The trial judge concluded, as set out in the order granting the new trial, that the above colloquy occurring between the jury and the court when it returned to the court room convinced him that the jury arrived at its verdict by mistake and misconceived the issues. From this premise the court then proceeds to the conclusion that he was in error in not instructing the jury in accordance with its request and that, therefore, the verdict was contrary to the justice of the cause. The conclusion is invalid because the premise upon which it rests is false and based upon pure guesswork and speculation. This is so obvious from the order itself that it requires little discussion. What transpired after the jury returned to the jury room the record does not disclose. It is highly probable that among themselves they resolved the proposition or, on further discussion, were of the conclusion that such question was of no concern in their ultimate verdict. There is no way to know what transpired in their mind or what their mental processes were in arriving at the questioned verdict. Surely there is no way to determine that they arrived at their verdict by mistake or misconceived the issues. Moreover, the law does not permit a juror to avoid his verdict for any reason which essentially inheres in the verdict itself, as that he "did not assent to the verdict; that he misunderstood the instructions of the Court; the statements of the witnesses or the pleadings in the case; that he was unduly influenced by the statements or otherwise of his fellow-jurors, or mistaken in his calculations or judgment, or other matter resting alone in the juror's breast."[2] How can it then be logically contended that a trial judge may set aside such a verdict upon his mere assumption that the verdict was a result of a mistake or that the juror misconceived the issues.

This Court has repeatedly held that the question of further instructing the jury when it returns to the court room after the cause had been committed to it rests in the sound discretion of the trial judge.[3] The record fails to show any abuse of that discretion.[4]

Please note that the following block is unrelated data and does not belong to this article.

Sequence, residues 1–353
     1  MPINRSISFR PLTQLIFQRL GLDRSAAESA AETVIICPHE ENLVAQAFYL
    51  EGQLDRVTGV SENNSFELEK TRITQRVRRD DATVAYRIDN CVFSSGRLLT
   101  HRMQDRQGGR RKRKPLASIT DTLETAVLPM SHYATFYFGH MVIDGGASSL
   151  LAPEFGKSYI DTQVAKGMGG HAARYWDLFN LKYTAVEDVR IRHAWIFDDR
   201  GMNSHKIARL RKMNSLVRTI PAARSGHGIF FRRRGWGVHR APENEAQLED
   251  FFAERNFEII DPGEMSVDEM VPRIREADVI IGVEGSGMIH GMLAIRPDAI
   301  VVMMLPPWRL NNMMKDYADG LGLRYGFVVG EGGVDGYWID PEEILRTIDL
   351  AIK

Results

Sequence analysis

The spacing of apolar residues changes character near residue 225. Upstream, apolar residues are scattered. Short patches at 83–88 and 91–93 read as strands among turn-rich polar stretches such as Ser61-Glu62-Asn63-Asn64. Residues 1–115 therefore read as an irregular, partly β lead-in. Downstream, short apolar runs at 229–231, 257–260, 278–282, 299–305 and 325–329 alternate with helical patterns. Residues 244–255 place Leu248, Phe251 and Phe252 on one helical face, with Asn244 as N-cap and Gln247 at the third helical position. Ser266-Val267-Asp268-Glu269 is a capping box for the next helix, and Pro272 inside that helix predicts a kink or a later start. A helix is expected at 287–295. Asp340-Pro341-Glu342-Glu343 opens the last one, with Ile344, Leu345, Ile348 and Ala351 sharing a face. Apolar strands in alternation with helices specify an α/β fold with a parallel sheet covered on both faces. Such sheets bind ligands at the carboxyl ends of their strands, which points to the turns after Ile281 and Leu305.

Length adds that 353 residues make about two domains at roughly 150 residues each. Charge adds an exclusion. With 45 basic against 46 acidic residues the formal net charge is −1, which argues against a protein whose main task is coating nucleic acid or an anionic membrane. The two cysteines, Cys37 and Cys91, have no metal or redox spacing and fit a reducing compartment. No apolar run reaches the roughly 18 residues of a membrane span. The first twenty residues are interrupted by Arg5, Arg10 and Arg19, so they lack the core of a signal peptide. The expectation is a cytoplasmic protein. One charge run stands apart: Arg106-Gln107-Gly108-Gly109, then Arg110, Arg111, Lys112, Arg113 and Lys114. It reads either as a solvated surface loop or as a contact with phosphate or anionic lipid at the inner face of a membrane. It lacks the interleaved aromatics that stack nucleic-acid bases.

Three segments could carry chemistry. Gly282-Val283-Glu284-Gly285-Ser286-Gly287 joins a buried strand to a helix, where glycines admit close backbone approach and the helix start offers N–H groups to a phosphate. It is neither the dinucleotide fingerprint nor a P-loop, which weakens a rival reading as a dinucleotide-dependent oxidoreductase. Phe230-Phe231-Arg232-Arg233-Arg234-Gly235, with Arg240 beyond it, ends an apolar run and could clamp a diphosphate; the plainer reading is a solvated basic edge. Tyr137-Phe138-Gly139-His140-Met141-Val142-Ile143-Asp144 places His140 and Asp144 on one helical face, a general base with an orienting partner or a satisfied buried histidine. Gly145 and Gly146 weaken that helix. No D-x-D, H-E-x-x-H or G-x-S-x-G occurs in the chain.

The record in this case and the record and decision in its previous appearance in this Court amply support the jury verdict. This being true and no substantial rights of the plaintiff in the trial court having been violated, the action of the trial judge in granting a new trial is a clear abuse of judicial discretion.[5] The order should be set aside and this cause remanded with instructions to enter a judgment in conformity with the verdict of the jury.

On Rehearing Granted

DREW, Justice.

In the first trial of this case, the jury returned a verdict in favor of the broker in the amount of $75,000 allegedly due him for the sale of the McAllister Hotel in Miami. Judgment was entered on the verdict. In disposing of the appeal taken to this Court, we reversed the judgment stating our conclusion "that the record before *343 us fails to sustain the production of a purchaser `ready, willing and able to buy' on terms `acceptable' to the appellant seller. This being so, the allegations of the complaint were not sustained by the evidence." The cause was remanded for a new trial.[1] Following the issuance of our mandate, a second trial was held which resulted in a verdict in favor of the owner. The unsuccessful broker's motion for a new trial was granted and the jury verdict for the owner was set aside and vacated. It is from this order that the present appeal is prosecuted.

After the trial court has instructed the jury on the law of the case and the jury had retired to consider its verdict, it returned to the court room where the following events transpired:

"The Court: Gentlemen, have you arrived at a verdict? "The Foreman: No, sir, your Honor. We would like to ask a question. "The Court: All right, sir. "A Juror: We seem to be at a stalemate, your Honor. The entire thing seems to hinge on one thing, on whether or not Mr. Schine in the beginning authorized Mr. Zable to sell his hotel, or whether Mr. Zable offered to find a buyer for Mr. Schine's hotel. "The Court: You will have to gain that from the testimony, gentlemen. I cannot answer your question. "A Juror: I see what you mean. I don't know what to say, your Honor. "The Court: Who is the Foreman? Have you selected the Foreman? "The Foreman: I am supposed to be. "The Court: Do you think there is any chance of arriving at a verdict should you go back and consider further? "The Foreman: Well, we can discuss it a little longer and see. "The Court: All right, sir. You may be excused."

Following this exchange the jury re-entered the jury room and some time later returned with a verdict in favor of the defendant.

Ground seven in the motion for new trial was as follows:

"7. The Court erred in refusing to answer the question of the Juror when the Jury returned to the Courtroom after having been charged, and entered upon its deliberation when the Juror asked the Court: "`We seem to be at a stalemate, your Honor. The entire thing seems to hinge on one thing, on whether or not Mr. Schine in the beginning authorized Mr. Zable to sell his hotel, or whether Mr. Zable offered to find a buyer for Mr. Schine's hotel.' and the Court refused an answer."

The order granting the new trial reads as follows: